Under Anne-Louise Sarks’ direction, Mulvany’s script shines. There’s a warmth here which creeps under your skin and makes you smile, a softly-shaded nostalgia which makes you yearn for your childhood, for those long carefree summer days, but the darkness – which initially comes in the first five minutes of the show, and returns in different guises throughout – does not dampen it, merely makes the lightness stronger, keener, more necessary. And even though the darkness – and the very visceral impact of it – is shocking at first, especially being so very early on in the piece, Silvey-via-Mulvany – alongside Sarks – use it to their benefit, and create a powerful, incredibly moving, and particularly strong show which seems to reset the clock on what Belvoir can do, or at least what this incarnation of Belvoir is capable of.
While part of Mulvany’s theatrical conceit – and indeed, Sarks’ staging amplifies this – is for Charlie to step outside of the narrative for a moment to talk directly to the audience, a device we’ve seen quite frequently over the past couple of years in Sydney, here you don’t really mind when it’s Conroy’s Charlie doing so, because his earnestness draws us further in to the story, makes us allies in his search for the truth, make us all a part of the story, a witness to the racism, the violence, and the darkness which we still face in our lives today. What Mulvany has done in her adaptation is to expand upon the relationships between characters, expand the female characters’ function in the story, as well as enhance the ever-present search for the missing girl, and the ramifications of Charlie and Jasper’s actions at the outset of the story. While Silvey creates the world of the township of Corrigan in all its detail, and gives us some of the most enjoyable cricket scenes ever committed to paper, as well as several scenes beautiful enough to earn the novel “sentimental-classic status” (and don’t worry, they’re all here too), Mulvany fillets, reshapes, expands, contracts, and reworks Silvey’s story to suit the theatrical space, to suit the requirements of theatrical storytelling, yet never loses for one moment the incredible generosity of spirit or bigness of heart that every reader falls in love with.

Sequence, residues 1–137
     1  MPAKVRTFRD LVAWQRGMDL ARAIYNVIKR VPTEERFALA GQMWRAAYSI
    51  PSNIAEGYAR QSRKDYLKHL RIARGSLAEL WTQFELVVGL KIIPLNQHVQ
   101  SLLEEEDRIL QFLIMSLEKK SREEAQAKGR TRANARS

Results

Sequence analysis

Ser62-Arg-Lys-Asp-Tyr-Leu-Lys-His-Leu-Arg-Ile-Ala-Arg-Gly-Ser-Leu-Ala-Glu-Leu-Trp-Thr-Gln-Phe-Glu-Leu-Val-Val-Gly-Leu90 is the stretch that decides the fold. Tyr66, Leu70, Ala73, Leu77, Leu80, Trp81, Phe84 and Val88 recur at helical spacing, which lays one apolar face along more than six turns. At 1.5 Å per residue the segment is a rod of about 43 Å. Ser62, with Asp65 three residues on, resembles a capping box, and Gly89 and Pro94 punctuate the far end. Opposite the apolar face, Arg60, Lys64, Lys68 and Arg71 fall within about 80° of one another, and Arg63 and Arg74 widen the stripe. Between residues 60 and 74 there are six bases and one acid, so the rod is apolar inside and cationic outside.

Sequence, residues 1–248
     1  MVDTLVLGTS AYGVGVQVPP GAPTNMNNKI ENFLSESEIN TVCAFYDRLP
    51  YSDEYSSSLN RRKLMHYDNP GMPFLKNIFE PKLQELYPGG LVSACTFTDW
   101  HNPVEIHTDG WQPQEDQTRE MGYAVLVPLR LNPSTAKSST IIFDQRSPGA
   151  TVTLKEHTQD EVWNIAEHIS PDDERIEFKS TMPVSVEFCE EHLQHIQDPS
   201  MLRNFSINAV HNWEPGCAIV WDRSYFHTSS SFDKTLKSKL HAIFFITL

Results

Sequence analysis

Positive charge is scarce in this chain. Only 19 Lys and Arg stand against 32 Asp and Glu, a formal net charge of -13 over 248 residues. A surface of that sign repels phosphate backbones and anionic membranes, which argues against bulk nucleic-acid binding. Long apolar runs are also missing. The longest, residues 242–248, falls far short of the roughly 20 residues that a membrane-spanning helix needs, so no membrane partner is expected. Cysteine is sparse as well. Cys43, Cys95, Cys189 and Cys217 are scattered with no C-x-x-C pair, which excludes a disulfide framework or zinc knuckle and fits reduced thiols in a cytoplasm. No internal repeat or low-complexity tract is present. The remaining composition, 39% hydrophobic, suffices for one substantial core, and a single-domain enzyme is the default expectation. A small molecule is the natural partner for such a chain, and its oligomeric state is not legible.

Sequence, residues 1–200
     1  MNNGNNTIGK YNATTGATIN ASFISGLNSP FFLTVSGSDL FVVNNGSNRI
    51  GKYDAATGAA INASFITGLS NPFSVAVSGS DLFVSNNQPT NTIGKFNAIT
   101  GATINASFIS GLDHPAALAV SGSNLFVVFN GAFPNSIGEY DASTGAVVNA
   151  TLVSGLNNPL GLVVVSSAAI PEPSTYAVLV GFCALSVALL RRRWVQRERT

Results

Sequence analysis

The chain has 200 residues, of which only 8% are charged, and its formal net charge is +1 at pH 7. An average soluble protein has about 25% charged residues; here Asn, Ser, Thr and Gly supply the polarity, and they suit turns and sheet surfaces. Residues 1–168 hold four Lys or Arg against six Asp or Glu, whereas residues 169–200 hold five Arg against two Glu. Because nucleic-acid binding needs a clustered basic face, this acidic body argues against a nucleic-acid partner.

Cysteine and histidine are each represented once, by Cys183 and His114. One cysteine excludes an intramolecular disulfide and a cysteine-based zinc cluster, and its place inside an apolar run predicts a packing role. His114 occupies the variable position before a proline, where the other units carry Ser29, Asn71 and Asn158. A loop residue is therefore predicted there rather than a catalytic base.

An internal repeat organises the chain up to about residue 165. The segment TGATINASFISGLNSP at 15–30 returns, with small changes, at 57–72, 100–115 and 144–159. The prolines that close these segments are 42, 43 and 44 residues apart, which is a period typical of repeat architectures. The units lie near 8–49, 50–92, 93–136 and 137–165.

If there is one quibble to Sarks’ staging which hampers this conceit, it’s that some subsequent moments are blocked in a way that leaves the centre of the space empty: characters interact on the far edges of the stage (there is only one instance in which this works truly effectively); characters stand with their back to the audience for too long; the use of the stairs – while, for the most part, is well-handled and suitably inclusive of the audience – occasionally serves to isolate sections of the audience from the clarity of the story-telling.
Quibbles aside, there is enough heart in this play to last you a year, and it will be a rare treat indeed to see another dose of heart and compassion this beautiful in 2016. Indeed, this is where Silvey-via-Mulvany-and-Sarks’ Jasper Jones seems to serve as an overture for Belvoir 2016 and Eamon Flack’s artistic directorship in a larger sense. “[This season is] about how we live together,” Flack says in the season book. “Family is a big theme, so too is society… There are plays from the past, plays from now, plays from now about the past. There are plays from here and plays from other countries. There are angry plays, political plays, celebrations. There are splendid big acts of community, and solo feats of daring. There are comedies, romances, fables, epics, whodunnits. There are lonely tales, vast canvases, humble undertakings, foolhardy undertakings… All must be included, all must be spoken for, and spoken for brilliantly, with the full force of human impressiveness.”
In this respect, Flack and his fellow theatre-makers perfectly capture the sentiment behind Jasper Jones’ lake-side plea to Charlie: “You gotta get brave.” As a maxim to live by, it’s among the better ones; as a way to encapsulate the year ahead of theatre-making, it certainly bodes very well indeed.
Here’s to a munificent 2016.